Update (1/31/15): Accumulating several comments on the actual exhibition of this energy 'art', I understand now that local communities may have a difficult time connecting with and caring about statistics or infographics that represent national energy use. Instead, the Pop-up would take energy consumption information in the local area - including renewable energy statistics and emissions data - that can be traced back to the actions of the community. For example, if the community has a public solar garden, then the Energy Pop-up could compare the real-time emissions reduction level as compared to other neighbouring cities.
The Duck Curve showing decreasing day-time demand due to net metering of solar energy. The Clean Coalition.
Breaking down the user experience roadmap… For this example, our user is Sam, a young, 30-something male living in San Francisco who is well connected to his peers and is energy-aware to a level but not formally educated in the field. He currently rents a one-bedroom in an upscale neighborhood and likes to spend his weekend getting out of the office, for once.
Step 1: The Energy Pop-up buzz
- Sam is on the way home and checks his Facebook News Feed. He sees a buzz created around the Energy Pop-up online, either through friends sharing the work or from coverage by a leading website like Buzzfeed, i09, or the likes.
Step 2: Sharing in Social Circle
- His weekend free, Sam invites a close group of friends to hang out at the space to see what the fuss is all about. Being the well-connected person that he is, his group of friends come from different walks of life and even has a visiting friend from the East Coast.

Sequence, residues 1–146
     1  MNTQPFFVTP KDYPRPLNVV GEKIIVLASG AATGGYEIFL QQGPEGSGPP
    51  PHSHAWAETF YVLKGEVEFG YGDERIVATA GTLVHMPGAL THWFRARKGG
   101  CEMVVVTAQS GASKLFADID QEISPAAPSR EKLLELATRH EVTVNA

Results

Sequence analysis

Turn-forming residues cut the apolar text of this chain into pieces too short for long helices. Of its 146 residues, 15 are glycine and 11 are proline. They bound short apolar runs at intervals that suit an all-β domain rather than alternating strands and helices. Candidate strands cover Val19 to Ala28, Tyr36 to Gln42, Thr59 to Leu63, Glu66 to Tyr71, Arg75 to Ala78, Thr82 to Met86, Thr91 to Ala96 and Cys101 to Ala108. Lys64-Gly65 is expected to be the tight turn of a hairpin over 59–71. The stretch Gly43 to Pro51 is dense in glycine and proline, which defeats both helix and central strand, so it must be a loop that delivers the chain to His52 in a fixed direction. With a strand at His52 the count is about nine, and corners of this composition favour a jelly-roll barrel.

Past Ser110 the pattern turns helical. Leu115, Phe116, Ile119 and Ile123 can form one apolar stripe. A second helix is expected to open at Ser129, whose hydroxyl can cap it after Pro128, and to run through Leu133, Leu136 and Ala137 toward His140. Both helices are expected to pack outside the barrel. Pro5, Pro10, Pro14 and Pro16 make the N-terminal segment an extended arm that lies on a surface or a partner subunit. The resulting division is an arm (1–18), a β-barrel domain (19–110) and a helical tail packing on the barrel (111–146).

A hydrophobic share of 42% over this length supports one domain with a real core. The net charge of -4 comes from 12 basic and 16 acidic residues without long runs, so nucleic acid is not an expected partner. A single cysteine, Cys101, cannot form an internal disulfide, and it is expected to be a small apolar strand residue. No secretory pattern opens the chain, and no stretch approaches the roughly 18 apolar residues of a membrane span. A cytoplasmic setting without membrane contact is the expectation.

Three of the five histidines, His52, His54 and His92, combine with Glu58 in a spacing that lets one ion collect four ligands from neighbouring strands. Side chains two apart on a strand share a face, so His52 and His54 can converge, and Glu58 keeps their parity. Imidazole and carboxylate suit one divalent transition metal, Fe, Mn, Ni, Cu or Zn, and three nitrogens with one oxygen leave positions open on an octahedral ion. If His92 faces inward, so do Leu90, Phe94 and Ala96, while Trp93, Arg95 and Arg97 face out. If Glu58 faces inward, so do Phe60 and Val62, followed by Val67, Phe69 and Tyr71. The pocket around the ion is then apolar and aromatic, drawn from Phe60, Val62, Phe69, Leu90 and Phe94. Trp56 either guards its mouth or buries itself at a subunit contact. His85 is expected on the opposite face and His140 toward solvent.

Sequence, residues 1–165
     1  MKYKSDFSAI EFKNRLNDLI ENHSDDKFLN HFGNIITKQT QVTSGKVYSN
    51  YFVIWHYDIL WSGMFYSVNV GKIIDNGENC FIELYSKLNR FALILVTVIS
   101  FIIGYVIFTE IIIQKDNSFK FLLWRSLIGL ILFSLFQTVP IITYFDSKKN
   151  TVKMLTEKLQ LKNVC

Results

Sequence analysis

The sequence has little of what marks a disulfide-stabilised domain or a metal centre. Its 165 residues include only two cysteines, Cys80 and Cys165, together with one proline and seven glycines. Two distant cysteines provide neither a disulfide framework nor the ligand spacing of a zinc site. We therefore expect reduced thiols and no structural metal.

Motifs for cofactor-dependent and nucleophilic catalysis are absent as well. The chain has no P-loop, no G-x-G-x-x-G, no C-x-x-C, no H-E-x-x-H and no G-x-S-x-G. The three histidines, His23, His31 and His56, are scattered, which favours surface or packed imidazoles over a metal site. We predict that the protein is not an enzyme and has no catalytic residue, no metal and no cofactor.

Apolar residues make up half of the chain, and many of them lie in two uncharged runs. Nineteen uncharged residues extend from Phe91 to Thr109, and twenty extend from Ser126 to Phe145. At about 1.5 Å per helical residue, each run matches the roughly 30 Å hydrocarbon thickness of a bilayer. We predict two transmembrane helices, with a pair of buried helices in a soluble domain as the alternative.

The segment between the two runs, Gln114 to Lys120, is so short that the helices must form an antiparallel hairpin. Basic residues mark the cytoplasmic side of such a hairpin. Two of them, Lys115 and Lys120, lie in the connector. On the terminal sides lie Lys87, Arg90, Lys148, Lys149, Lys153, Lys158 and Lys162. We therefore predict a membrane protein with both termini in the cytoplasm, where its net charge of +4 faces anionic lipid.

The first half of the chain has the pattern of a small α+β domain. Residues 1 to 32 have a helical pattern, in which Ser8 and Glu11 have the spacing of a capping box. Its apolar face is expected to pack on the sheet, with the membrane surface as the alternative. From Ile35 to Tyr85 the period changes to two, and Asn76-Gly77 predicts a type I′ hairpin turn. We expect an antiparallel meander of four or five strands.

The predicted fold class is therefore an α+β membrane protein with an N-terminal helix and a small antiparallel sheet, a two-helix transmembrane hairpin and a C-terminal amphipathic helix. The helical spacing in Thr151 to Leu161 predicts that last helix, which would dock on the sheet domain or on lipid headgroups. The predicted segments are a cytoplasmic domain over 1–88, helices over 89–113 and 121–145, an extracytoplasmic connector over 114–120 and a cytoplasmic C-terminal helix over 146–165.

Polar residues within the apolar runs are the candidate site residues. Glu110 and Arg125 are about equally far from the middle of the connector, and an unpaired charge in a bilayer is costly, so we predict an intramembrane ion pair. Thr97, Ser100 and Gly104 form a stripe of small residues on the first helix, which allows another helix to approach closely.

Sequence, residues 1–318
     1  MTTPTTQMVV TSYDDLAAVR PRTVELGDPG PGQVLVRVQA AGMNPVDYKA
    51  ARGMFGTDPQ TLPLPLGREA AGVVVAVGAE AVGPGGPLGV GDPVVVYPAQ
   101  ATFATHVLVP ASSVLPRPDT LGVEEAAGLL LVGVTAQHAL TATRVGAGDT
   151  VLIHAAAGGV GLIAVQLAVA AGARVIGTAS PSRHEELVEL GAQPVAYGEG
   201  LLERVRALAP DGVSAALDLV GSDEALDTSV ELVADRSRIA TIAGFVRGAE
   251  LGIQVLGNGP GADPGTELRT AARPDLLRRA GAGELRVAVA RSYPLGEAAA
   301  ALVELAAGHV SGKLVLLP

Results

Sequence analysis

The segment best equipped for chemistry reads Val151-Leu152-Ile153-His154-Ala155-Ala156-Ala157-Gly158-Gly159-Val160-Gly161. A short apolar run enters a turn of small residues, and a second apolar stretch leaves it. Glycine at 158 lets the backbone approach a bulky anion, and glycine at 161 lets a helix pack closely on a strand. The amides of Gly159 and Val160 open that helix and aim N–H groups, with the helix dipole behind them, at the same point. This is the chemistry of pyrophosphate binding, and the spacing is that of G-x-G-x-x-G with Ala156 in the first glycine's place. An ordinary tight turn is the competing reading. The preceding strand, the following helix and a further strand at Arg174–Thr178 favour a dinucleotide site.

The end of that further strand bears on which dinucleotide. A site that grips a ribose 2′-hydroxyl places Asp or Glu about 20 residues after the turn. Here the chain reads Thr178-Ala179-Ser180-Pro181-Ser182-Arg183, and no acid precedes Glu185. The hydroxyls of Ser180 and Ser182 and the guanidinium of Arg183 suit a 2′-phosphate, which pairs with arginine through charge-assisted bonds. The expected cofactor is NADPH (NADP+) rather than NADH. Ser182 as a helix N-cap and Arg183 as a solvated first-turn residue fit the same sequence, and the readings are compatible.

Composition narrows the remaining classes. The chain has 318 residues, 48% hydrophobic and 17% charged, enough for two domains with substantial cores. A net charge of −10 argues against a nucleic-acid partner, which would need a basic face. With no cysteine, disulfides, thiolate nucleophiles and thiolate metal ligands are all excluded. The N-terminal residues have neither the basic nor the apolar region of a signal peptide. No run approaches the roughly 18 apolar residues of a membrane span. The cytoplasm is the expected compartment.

Step 3: Coolness Factor
- At the Energy Pop-up, Sam takes pictures with his friends and uses #knowurenergy to share it on social media, thereby propagating the work through his network. It’s something he does to promote keep his status as the cool, hip guy who sets the trend.
Step 4: Learning about Energy and Signs Petition
- Vaguely curious about the history of the Pop-up, Sam checks out information on the plaques and read about how solar gardens can save his monthly electricity payments. He sees others signing a petition and is encouraged to do something about this energy debate.
Once the work picks up media attention, the discussion that will hopefully ensue will explain to the casual readers and consumers of news what the Duck Curve is, thereby propagating energy knowledge and even energy actions. In an ideal world, the Energy Pop-up will leverage social networks to propagate energy information in popular media.